How will the Sequester affect science

Basic science — the kind of research done for curiosity's sake, in order to better understand how parts of our world work — is the foundation of applied science — research that's aimed at developing a product, or tool, or achieving a goal. In the United States, the federal government is, by far, the number one funding source for basic research. So what happens to that investment in our future when things like the Sequester come along? Obviously, funding goes down. But the details are what's important here. Tom Levenson explains the short-term and long-term impacts.


  1. Can somebody tell us WTF “The Sequester” is, please? I skimmed TFA and even that doesn’t seem to define it.

    1. (Non-US tl;dr – the US government is playing austerity politics in a way both parties will hate, arbitrary deadline for resolving differences hits tomorrow.)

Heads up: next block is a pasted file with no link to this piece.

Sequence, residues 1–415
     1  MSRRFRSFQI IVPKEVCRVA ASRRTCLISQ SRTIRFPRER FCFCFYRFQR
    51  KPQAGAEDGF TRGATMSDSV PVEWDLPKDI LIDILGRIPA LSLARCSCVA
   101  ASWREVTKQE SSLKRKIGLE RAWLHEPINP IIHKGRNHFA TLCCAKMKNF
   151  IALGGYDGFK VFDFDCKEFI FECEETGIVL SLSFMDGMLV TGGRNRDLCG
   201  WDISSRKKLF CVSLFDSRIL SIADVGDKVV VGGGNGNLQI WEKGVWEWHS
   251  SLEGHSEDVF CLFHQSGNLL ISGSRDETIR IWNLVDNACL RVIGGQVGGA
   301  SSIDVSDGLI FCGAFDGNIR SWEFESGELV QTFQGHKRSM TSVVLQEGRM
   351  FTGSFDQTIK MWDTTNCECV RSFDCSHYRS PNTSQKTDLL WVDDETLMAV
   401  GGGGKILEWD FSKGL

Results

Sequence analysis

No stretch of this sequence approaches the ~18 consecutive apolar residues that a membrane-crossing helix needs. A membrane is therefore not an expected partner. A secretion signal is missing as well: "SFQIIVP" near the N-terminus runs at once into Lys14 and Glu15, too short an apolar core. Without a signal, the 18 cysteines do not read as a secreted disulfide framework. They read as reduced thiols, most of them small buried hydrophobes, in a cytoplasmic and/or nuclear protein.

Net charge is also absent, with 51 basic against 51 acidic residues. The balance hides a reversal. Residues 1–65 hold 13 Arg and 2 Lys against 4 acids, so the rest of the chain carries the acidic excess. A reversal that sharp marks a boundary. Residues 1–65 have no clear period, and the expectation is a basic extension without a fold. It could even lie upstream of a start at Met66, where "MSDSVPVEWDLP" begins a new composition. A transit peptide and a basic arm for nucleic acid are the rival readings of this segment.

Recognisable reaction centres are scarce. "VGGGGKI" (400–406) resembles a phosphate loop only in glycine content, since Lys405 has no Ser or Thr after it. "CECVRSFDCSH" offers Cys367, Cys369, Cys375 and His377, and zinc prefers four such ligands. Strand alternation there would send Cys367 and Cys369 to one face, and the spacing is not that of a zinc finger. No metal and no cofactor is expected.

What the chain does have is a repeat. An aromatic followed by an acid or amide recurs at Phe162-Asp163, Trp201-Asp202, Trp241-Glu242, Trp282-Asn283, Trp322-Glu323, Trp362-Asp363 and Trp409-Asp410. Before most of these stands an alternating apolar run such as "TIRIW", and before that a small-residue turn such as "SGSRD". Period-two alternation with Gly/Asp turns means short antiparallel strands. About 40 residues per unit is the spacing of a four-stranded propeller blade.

Do read about some national political issues on occasion (if you’re an American; if not, you’ve probably got some in your own country.)  As part of the two main political parties’ unwillingness to agree on a budget, they made a deal last year that if they hadn’t gotten something done by a date in the far future (tomorrow), the President would have to “sequester” an appallingly high 2-3% of Federal budget spending, implemented as across-the-board cuts in everything except a few protected areas such as Social Security and military salaries. 

      It was a great deal for the Republicans, because they didn’t have to anger their right-wing base before the election by raising taxes on rich people, or their military-industrial base by cutting military spending, or old people (including Democrats and older Republicans) by cutting Social Security, and they could gamble on taking back control of the Senate during the election. 

      It wasn’t a bad deal for the Democrats, because they could look like they were being responsive and responsible, and could avoid having to tell old people that Social Security is a total mess, and gamble on  keeping control of the Senate and maybe taking part of the House, and they figured that Obama could win a game of Budget Chicken against the Republicans the way Clinton stomped Gingrich at it.